Begin? Seriously? As if I'm ready! Thank God that we number our days from evening to evening, or I'd be behind before I'd even begun. The first blessing of the day...
Today, the first of Nisan, and the prompt is Begin. Start. Go. One foot, then the other. Gah! I am so not ready for this - not the beginning, not the journey, not the anything. There's a house to clean (seriously-for-this-holiday clean, which I've never done before, but it seems right to do so this year and I have no idea what I'm doing and I can't believe how much stuff there is to do, just to do this one thing and I'm wondering if I can just expand the scary closet (don't ask!) to house all the stuff that I just can't get to in time), and thinking that paper plates and plastic silverware are an excellent option, and the manuscript to edit and the worry about money and jobs and, you know, just plain-old stability in my life - in Nate's life. The car needs to be fixed and the groceries put away and the tutor is coming and I forgot I'm chanting Torah this morning, but there are these words rattling around in my head, begging for release, begging to float in ghostly delight on my computer screen.
There are all these tiny, little threads - some frayed, some not (some knotted beyond belief), and I run from here to there and back again, times infinity, trying to hold onto them all, trying to keep them all in order. Not that I have the slightest clue about order. Each thread, each task, each job - they all occupy the exact same space in my head: insistent and immediate. DO THIS NOW - at least, do it until the next thing, the next thread drifts into my field of vision, usurping my time and attention until the next thread. So mopping the kitchen floor and getting the breaks on the car checked hold the same urgent necessity - at least for a moment, while I see both threads peeking through clenched fingers in my fisted hand.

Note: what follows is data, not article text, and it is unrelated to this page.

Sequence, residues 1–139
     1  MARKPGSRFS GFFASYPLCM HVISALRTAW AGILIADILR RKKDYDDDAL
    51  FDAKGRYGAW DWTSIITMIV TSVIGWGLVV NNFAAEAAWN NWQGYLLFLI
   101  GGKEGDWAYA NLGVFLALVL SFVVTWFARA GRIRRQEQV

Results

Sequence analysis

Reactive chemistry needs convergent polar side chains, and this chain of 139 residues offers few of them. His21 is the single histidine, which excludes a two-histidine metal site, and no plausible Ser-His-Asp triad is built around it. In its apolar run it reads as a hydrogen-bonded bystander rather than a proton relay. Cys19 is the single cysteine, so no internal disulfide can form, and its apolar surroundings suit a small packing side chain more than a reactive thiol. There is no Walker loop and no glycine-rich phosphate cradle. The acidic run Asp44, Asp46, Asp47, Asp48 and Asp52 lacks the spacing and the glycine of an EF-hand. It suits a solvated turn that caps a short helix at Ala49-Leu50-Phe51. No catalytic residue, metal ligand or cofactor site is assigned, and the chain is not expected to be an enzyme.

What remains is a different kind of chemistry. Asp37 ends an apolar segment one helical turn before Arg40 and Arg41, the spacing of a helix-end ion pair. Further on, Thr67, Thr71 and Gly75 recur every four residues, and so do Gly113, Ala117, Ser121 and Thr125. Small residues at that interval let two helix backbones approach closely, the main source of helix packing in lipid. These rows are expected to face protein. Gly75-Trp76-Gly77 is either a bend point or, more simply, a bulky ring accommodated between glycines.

How in the world can I possibly begin, when all these things, all these threads, all these tasks remain?
Maybe this is why God gave the Children of Israel no time. Yes, yes - there were plenty of major hints and promises along the way, including ten rather horrific plagues and some awesome magic. And sure, there was the sheep standing in the middle of the living room, waiting. There were some really huge clues that they were getting ready to leave, and soon. Even so, there's a huge leap, sometimes, between "Getting ready" and "Go!"
There's always one more thing. There's always wait just a second. There's always ooops, I forgot, let me just run back inside, I won't be a minute. There's always tomorrow.
I will never not have a gazillion threads in my hand. If I waited to tie off each of them, finish each task, complete each job, be 100% totally ready - let's just say I would make Moshiach hold on a second, I've just got to do this one more thing...
Sometimes, no matter how much prep work I do, no matter how much still needs to be done, no matter how unready and unprepared I feel - it's time to put one foot in front of the other and begin.
For anyone who is interested in playing along, here is the list of prompts created by my friend, Rabbi Phyllis Sommer, chosen to help us bend a little more, think a little differently as we prepare for Passover and freedom. Blog daily, pick a prompt that fairly sings to you, and let the pixels come out to play on your screen. There is a lovely hashtag (#blogExodus), so that you can follow all the various threads. If pictures are more your thing, there's a hashtag for that, too (#Exodusgram)
Once we were slaves, now we are free...
- I write, mostly to keep my head from exploding. It threatens to do that a lot. My blog is the pixelated version of all the voices in my head. I tend to dive into what connects me to God, my community, my family and my doubt. I do a lot of searching, not as much finding. I’m good with that. I have learned, finally, to live comfortably in the gray. In the meantime, I wrestle with God, and my doubt and my joy.